By Howard Meyerson
ST. JOSEPH – State fisheries personnel were out in force on the St. Joseph River this week looking to refine techniques for finding Asian Carp. Neither Silver nor
Bighead Carp have been found in the river, but state officials say the training exercise is necessary to develop an effective rapid response plan in case they appear.
“It is practice and preparation for us,” said Jay Wesley, the DNR’s southwest Michigan fisheries unit coordinator. “Our staff doesn’t get a lot of experience using gear like blocking nets strung across a river.
“We developed an Asian Carp management plan a couple of years ago. It called for getting ready and prepared to use different techniques. We got funding from the Great Lakes Restoration Initiative to help make that happen.”
The nearly $300,000 grant paid for two components, a “table-top” meeting of the minds and a field exercise, according to Nick Popoff, the agency’s tribal and aquatic species affairs manager.
The table-top session examined every possible scenario and determined an appropriate state response, all of which will go into the state’s Asian Carp action plan.
The field exercise compared methods for finding and collecting Asian Carp if ever they are reported in the river.
“We have no evidence of Silver or Bighead Carp in the St. Joe,” said Popoff, but we do have a history of catching Grass Carp there. We wanted to go in and try to get those out and see if they are reproducing.”
Silver and Bighead Carp are the Asian Carp species of most concern. The St. Joseph River has also been identified as a larger river system close enough to Chicago where they could show up if they get beyond the electric barriers in the Chicago Sanitary and Ship Canal.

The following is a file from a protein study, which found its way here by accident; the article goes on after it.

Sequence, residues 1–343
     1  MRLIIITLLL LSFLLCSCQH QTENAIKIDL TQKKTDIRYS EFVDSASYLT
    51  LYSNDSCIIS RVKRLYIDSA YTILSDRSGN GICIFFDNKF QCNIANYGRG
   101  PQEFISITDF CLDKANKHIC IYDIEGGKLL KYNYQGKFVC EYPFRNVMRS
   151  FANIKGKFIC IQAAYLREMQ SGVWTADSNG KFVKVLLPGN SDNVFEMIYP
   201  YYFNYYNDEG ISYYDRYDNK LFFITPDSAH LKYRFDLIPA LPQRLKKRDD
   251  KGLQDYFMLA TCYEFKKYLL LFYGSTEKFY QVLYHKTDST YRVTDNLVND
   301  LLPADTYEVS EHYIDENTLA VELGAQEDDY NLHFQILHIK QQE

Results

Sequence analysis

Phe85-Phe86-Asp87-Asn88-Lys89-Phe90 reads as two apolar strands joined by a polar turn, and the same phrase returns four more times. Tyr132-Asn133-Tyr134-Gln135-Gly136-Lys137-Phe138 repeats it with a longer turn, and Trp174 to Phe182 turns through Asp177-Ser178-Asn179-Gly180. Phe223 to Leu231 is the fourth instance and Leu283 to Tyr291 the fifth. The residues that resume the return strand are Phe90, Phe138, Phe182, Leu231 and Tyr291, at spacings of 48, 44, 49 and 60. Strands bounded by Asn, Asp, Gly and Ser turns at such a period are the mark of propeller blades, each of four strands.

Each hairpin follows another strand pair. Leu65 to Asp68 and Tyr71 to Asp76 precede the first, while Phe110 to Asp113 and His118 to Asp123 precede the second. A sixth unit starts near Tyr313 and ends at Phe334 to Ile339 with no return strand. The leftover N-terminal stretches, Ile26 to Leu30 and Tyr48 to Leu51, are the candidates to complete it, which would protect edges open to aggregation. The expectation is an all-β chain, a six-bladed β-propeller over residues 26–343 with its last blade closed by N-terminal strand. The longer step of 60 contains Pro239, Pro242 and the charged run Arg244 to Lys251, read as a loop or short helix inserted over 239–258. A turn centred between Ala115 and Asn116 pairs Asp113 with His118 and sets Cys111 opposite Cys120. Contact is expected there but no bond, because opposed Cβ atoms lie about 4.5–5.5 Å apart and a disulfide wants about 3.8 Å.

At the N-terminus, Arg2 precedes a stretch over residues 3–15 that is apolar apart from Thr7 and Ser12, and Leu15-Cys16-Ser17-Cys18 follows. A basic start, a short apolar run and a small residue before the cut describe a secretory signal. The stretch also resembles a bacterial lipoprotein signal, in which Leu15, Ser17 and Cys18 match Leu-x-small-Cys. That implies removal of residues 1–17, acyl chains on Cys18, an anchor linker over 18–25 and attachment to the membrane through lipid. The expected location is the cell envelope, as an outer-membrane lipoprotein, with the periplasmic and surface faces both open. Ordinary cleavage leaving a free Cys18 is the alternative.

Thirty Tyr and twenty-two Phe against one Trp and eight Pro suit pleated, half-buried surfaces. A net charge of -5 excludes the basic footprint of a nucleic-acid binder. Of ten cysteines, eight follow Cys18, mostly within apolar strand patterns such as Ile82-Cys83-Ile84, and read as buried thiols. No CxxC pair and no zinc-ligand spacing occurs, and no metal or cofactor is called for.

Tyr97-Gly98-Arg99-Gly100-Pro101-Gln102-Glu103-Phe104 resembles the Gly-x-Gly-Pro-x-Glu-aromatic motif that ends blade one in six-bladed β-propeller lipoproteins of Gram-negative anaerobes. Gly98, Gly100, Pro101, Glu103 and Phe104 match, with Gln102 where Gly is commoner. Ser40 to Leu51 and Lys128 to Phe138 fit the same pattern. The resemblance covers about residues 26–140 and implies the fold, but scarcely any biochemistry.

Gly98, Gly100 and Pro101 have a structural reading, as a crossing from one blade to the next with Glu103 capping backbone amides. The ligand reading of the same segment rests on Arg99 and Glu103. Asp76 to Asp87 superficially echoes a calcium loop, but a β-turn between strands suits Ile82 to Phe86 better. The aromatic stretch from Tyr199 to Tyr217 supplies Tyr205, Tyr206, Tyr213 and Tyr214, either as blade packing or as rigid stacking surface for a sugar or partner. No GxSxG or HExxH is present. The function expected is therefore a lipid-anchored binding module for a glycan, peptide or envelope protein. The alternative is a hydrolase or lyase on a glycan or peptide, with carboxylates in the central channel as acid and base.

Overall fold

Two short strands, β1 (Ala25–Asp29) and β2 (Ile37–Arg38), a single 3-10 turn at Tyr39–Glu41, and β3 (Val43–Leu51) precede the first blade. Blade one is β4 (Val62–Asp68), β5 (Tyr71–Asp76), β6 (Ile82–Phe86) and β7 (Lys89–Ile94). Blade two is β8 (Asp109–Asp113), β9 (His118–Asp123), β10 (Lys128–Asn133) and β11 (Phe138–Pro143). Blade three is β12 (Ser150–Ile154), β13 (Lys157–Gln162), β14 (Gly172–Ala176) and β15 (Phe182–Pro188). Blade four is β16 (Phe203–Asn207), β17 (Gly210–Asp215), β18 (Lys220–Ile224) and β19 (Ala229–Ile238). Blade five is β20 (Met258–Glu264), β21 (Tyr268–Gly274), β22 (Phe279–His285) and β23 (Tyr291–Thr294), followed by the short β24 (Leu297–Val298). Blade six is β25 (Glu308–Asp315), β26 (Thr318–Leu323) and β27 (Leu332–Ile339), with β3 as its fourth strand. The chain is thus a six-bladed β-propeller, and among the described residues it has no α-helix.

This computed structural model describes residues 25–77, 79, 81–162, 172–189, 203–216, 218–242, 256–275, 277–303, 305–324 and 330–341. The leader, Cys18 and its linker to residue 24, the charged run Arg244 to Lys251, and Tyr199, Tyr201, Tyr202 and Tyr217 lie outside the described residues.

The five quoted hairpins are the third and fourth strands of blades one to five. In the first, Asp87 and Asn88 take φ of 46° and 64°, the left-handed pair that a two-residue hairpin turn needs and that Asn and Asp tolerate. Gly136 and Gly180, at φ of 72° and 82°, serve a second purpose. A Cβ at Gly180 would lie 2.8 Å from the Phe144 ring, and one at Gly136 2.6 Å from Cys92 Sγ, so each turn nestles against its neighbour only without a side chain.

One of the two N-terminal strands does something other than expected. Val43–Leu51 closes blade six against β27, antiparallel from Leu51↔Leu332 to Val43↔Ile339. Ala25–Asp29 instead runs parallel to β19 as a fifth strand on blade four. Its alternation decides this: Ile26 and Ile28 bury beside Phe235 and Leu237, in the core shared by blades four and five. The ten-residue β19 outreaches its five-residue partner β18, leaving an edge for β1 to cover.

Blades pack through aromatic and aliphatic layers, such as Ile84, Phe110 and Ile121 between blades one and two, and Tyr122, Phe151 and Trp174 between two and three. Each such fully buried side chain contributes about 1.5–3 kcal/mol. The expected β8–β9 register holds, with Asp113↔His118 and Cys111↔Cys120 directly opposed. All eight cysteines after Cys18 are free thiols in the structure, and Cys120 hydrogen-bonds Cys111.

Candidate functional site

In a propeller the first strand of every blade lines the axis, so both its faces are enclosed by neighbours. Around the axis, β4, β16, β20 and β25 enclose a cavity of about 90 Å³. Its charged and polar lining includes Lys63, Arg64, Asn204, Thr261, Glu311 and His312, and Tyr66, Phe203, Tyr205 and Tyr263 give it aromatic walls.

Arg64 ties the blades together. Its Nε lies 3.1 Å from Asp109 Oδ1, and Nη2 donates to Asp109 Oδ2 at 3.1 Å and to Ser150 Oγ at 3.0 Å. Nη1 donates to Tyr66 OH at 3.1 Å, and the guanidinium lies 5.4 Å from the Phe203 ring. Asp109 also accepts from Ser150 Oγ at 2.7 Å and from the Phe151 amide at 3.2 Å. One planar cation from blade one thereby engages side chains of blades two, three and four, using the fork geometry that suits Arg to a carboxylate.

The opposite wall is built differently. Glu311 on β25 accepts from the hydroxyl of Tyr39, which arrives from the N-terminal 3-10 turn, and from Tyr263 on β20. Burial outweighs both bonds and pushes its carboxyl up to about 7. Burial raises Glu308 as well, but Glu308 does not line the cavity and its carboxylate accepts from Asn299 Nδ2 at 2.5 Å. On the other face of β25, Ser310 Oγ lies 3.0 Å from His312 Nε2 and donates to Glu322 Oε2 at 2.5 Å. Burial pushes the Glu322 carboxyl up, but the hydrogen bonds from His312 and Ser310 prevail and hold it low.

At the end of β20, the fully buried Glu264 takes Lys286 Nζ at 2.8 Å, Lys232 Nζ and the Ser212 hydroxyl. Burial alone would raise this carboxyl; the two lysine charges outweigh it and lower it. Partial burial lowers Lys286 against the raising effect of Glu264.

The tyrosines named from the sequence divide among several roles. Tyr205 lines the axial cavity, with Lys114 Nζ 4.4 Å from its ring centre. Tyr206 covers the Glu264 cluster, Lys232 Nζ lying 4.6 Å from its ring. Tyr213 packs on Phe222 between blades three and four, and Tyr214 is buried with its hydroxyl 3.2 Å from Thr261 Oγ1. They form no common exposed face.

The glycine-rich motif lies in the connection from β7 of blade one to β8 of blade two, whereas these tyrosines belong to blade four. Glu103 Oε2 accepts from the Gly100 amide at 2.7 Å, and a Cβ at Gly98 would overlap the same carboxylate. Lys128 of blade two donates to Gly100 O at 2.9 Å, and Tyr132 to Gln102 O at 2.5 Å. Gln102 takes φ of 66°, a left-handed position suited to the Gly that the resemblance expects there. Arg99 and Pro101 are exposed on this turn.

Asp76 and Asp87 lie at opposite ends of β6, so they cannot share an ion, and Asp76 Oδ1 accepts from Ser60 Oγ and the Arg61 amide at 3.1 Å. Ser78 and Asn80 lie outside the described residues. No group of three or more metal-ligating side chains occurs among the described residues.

Grass carp are a prohibited species in Michigan, but the state of Indiana allows private ponds to be stocked with hybrid, grass-carp, according to Wesley. They are used to control algae and vegetation. Triploid Grass Carp are sterile and genetically incapable of reproducing.
“We often get reports of them in the St. Joe,” Wesley said. “In previous electro-shocking surveys we collected them and sent samples to the US Fish and Wildlife Service to make sure they were triploid and could not reproduce.
“But, last year we saw one that was diploid and may be able to reproduce. Our concern with the Grass Carp is that they eat rooted vegetation. The go right to town and eat a lot. Our fear is if they get in and reproduce it would eliminate a lot of vegetation in lakes and rivers. It’s not a big threat to the Great Lakes proper, but they would be a threat to inland and coastal areas.”
Approximately 30 DNR fisheries staff participated in the exercise this week which involved netting, marking and releasing common carp, quillbacks and black buffalo. The eight crews were to find as many of those marked fish as they could, using gillnets and electro-shocking devices. Both are preferred non-lethal approaches for capturing fish rather than turning to Rotenone, a chemical compound that would kill all the fish in the river segment.
“We are comparing the efficiency of using certain gear and testing our preparedness to get our on the river on short notice,” Wesley said. “We typically survey with electro-shocking gear. We incorporated gillnets to see if the numbers go up.
“We’re pretending that someone caught an Asian Carp in the section and are checking to see if there are any more.”
The exercise and techniques used this week could be applied to any large river system, according to Wesley. It was also an opportunity to practice developing an emergency response and command structure.
“In fisheries we don’t have a lot of that kind of experience, not like the staff in forest management in the case of wildfires,” Wesley said.
© 2013 Howard Meyerson